As mentioned elsewhere, the short answer to the everlasting question, Why is the sky blue? is that there is Rayleigh scattering of the Sun's light by the molecules in the air. You can see the polarization effect for yourself. Find a pair of polaroid sunglasses or a polarizing filter such as is used in photography. On a clear day, when the Sun is low in the sky, and when the sky does not look very hazy (whitish glow all around the horizon), look at the sky through the polarizing filter or one of the lenses of the sunglasses. First, look straight up. Most of the light you will see has been scattered through an angle of roughly 90°. Now rotate the polarizer (the lens or filter) slowly, and notice what happens to the light. Note the orientation of the polarizer when the greatest amount of light is seen. Now look at different regions of the horizon, relatively near the Sun (don't look right at the Sun!), at right angles to the Sun, and in the opposite direction. Every time, choose a direction, look in that direction through the polarizer, and rotate the polarizer slowly, noting any brightening or darkening effect.
It is important to realize that the light that arrives at the top of the atmosphere from the Sun is unpolarized: Just as many photons have their planes of polarization in any direction as in any other direction. The degree of polarization of the light reaching the surface of Earth, or reaching some satellite instrument in space, is due to the Rayleigh scattering process in the atmosphere.
Some creatures, notably the hymenoptera family of insects (bees, wasps, and hornets), have eyes with built-in polarizers, and they use the polarization of the sky light to navigate. Because these creatures' eyes are responsive further into the ultraviolet than our own, and because the ultraviolet light is even more strongly Rayleigh scattered than the blue-violet light we can see, they actually see a greater contrast in sky brightness as they rotate than we see when we rotate the polarizer. (Their ultraviolet vision also helps them see flower pigments.)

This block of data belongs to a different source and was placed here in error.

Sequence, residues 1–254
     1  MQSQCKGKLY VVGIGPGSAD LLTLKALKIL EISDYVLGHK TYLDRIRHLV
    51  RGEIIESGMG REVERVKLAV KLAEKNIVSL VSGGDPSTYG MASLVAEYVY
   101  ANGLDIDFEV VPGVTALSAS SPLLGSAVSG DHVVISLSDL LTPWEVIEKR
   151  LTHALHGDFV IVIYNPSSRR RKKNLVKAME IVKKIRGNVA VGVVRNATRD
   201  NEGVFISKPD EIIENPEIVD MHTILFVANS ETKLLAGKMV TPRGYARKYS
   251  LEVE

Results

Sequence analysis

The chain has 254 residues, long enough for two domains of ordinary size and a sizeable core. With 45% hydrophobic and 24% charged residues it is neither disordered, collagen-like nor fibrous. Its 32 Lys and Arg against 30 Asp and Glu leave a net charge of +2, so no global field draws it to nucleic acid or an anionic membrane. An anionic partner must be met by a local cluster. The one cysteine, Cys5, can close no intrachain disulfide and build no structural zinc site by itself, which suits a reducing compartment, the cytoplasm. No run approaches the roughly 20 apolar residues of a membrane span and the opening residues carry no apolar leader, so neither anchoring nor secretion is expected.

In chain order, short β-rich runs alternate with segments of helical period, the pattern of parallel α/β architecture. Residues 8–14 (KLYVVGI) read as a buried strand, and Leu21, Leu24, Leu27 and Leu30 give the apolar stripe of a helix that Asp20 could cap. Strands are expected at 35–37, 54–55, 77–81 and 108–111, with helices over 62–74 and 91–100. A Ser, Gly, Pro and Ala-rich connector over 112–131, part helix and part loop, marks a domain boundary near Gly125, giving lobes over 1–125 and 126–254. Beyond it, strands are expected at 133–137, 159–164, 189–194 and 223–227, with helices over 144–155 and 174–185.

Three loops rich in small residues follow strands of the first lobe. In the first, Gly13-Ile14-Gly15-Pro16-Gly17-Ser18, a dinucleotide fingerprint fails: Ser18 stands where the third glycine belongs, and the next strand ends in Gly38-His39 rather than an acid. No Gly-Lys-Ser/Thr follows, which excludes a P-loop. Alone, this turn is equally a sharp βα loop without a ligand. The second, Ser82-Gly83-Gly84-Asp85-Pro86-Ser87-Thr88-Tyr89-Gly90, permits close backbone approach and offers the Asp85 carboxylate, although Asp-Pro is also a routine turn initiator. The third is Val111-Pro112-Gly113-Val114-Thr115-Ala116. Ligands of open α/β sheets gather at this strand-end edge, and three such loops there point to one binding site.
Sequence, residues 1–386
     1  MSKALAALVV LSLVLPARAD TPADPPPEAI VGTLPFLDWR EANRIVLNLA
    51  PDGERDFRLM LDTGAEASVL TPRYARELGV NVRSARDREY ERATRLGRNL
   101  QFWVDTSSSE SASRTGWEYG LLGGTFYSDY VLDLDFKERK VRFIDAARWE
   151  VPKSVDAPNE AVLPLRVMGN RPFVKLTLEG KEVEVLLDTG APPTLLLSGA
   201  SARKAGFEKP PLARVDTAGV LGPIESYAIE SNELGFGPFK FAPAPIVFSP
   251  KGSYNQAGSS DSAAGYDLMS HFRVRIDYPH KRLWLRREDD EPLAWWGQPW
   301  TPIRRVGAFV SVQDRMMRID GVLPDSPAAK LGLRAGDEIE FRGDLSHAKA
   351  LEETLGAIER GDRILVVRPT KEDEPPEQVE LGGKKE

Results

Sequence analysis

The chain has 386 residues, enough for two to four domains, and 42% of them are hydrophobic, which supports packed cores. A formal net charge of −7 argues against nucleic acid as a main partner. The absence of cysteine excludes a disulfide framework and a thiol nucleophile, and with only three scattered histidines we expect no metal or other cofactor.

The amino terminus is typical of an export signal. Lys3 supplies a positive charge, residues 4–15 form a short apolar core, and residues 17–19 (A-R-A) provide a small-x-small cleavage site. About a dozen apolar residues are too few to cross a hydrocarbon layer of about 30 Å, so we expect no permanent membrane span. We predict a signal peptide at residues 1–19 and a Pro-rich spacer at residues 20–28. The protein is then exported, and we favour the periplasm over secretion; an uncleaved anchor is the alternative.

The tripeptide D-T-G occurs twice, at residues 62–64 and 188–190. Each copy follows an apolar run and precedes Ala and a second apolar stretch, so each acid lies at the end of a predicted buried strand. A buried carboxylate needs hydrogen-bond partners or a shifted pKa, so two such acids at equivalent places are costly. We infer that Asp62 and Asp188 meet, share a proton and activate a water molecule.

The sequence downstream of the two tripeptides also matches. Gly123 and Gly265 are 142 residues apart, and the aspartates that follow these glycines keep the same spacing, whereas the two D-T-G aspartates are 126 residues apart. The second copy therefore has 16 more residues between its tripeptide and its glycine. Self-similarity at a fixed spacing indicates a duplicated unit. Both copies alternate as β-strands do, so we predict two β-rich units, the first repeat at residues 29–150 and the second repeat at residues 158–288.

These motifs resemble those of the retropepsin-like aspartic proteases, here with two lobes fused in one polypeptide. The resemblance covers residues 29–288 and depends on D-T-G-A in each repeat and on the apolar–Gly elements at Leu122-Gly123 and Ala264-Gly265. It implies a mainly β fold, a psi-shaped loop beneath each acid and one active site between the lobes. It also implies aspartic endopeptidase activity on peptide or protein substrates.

Rayleigh scattering cross sections -- Not every photon that passes by a molecule, with its semimobile electrons, gets Rayleigh scattered. The mathematical theory of Rayleigh scattering must take into account the wavelength of the light, the size and shape of the region the semimobile electrons can move around in, how tightly bound they are to the atom's nucleus, and how many of them there are in a molecule. The development of this theory is beyond the level of this lecture. However, the result is essentially this: The cross section for scattering is most sensitive to the wavelength, and goes as 1/ 4.
Visible light has wavelengths in the range of about 400 nm to 700 nm. So, according to this law, blue light (at 400 nm) is roughly 9 times as strongly scattered as red light. Of course, infrared light is very weakly Rayleigh scattered, while ultraviolet is even more strongly scattered than any visible light.
Figure 4.22 shows a Rayleigh scattering cross section as a function of wavelength through the UVA, UVB, and visible regions of the spectrum. The greater the cross section, the more efficient the molecules are at scattering the light. The scattering cross section is about 9 times as great at the blue-violet end of the visible spectrum than at the red end. Over the UV region, the scattering cross section increases by a futher factor of about 3.